I feel like I’m in a stress position best suited for wartime torture sessions. My wrist has been held up close to my mouth for five minutes and already I can feel a dull ache begin to seep into my arm. But this is no prison cell; I’m talking to my friend on a Samsung Gear S smartwatch, a nifty gadget that works as a watch, smartphone, pedometer and heart-rate monitor.
As cool as the Gear S may be for the early adopter, I just can’t get behind smartwatches for the simple reason of discomfort. I don’t like holding a wrist to my mouth to use the watch as a phone…and I doubt I ever will.
With all the buzz and hype over wearables, function and comfort needs to be the centrepiece of any product rollout. But does Samsung and Apple expect us to migrate from the ease of cellphone use to talking to our colleagues via our wrists?
Wait, you say, there are Bluetooth devices for your high-maintenance issues, David! Sure, but we don’t all enjoy a device clipped to our ear, and there are times when you truly wants to be hands-on with your communications device.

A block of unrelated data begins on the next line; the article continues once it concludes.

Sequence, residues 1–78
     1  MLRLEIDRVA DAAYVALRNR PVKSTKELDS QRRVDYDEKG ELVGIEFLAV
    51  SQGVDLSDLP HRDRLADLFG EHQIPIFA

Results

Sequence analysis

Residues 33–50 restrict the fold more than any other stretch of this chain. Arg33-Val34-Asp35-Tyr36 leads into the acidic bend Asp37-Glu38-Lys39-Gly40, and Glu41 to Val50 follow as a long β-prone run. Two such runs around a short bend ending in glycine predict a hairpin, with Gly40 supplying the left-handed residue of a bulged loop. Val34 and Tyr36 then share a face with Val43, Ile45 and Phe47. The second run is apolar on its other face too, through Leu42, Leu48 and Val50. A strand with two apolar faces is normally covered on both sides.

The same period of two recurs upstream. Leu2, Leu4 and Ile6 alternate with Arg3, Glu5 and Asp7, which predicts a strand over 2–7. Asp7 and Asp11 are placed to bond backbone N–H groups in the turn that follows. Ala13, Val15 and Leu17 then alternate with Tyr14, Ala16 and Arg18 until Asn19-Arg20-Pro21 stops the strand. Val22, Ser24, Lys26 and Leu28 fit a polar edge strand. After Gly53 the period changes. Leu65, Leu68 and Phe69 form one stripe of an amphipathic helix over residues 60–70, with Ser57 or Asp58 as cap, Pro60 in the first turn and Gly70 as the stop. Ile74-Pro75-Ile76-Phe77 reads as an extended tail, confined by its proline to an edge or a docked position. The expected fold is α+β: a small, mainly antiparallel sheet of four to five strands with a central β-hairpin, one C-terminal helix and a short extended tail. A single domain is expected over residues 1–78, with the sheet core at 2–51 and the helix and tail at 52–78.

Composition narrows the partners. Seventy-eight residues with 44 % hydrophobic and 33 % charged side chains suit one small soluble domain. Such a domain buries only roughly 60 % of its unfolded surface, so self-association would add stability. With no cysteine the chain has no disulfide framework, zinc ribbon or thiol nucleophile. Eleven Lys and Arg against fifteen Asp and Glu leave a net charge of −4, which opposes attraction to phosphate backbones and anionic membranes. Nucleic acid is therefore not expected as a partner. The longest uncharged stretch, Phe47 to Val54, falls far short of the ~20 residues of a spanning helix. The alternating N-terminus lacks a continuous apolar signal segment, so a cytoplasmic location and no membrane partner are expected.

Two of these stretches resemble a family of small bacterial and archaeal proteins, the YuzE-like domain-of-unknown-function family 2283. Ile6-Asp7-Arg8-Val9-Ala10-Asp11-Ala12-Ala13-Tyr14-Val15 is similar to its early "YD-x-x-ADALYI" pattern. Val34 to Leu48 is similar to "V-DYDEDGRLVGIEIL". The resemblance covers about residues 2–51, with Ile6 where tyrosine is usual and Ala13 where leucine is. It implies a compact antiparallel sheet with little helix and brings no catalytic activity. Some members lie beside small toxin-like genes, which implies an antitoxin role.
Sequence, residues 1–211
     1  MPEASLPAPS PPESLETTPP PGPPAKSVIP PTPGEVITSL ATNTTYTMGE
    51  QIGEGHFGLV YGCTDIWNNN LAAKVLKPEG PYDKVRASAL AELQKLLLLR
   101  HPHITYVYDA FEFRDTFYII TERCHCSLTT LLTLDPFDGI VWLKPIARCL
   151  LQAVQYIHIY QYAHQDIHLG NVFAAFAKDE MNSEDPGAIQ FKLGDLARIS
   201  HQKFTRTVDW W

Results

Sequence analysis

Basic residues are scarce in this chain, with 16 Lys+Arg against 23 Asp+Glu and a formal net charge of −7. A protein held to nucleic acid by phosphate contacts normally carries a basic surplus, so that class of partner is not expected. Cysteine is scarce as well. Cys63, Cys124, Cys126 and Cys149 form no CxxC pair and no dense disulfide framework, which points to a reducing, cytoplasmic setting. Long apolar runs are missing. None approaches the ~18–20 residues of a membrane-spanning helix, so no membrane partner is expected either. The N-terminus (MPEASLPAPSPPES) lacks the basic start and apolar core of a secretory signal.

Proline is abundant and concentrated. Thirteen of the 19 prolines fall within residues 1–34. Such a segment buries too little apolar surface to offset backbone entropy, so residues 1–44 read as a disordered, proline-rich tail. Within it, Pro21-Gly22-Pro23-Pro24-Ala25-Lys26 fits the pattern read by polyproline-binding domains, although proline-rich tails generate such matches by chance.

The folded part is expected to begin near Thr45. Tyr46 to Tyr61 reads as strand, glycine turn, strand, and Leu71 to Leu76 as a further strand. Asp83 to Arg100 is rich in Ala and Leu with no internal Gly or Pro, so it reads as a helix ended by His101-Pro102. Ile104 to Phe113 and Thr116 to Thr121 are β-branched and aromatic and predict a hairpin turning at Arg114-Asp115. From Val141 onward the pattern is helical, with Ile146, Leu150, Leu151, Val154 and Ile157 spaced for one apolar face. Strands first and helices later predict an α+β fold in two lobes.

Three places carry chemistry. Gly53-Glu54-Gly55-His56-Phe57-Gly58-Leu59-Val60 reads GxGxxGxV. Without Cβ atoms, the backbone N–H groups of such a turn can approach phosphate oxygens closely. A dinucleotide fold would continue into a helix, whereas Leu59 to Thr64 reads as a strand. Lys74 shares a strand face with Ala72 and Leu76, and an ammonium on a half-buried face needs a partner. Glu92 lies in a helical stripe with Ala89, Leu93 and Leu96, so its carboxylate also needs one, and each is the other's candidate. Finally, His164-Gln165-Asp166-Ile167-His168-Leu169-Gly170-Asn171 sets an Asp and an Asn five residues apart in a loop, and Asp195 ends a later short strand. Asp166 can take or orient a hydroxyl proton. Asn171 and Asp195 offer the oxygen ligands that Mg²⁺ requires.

Which brings me to another challenge smartwatches will have for the consumer market: texting. Some smartphones already have small enough screens for the large-fingered among us, but now a watch like the Gear S makes texting even more of a struggle. I preferred using the voice-activated controls on the Gear S to text friends, much like I use Siri on my iPhone 5, but it’s not an applicable process all the time. Sometimes, we want to text “old school” with fingers and thumbs. And I found a smartwatch was unable to make that process easy or comfortable.
That’s not to say the Gear S and its ilk will find a home with wearables enthusiasts. It’s very cool to have one device that tracks your heart-rate during a run and then lets you scroll through recent headlines and can allow you to check email on the go. Oh yeah, it tells time too.
But if you’re like me, and you simply can’t picture holding your wrist up to your mouth for more than a minute (and not just because it looks silly), then you’ll likely yawn when smartwatches fill shelves. Some technologies just aren’t worth our time.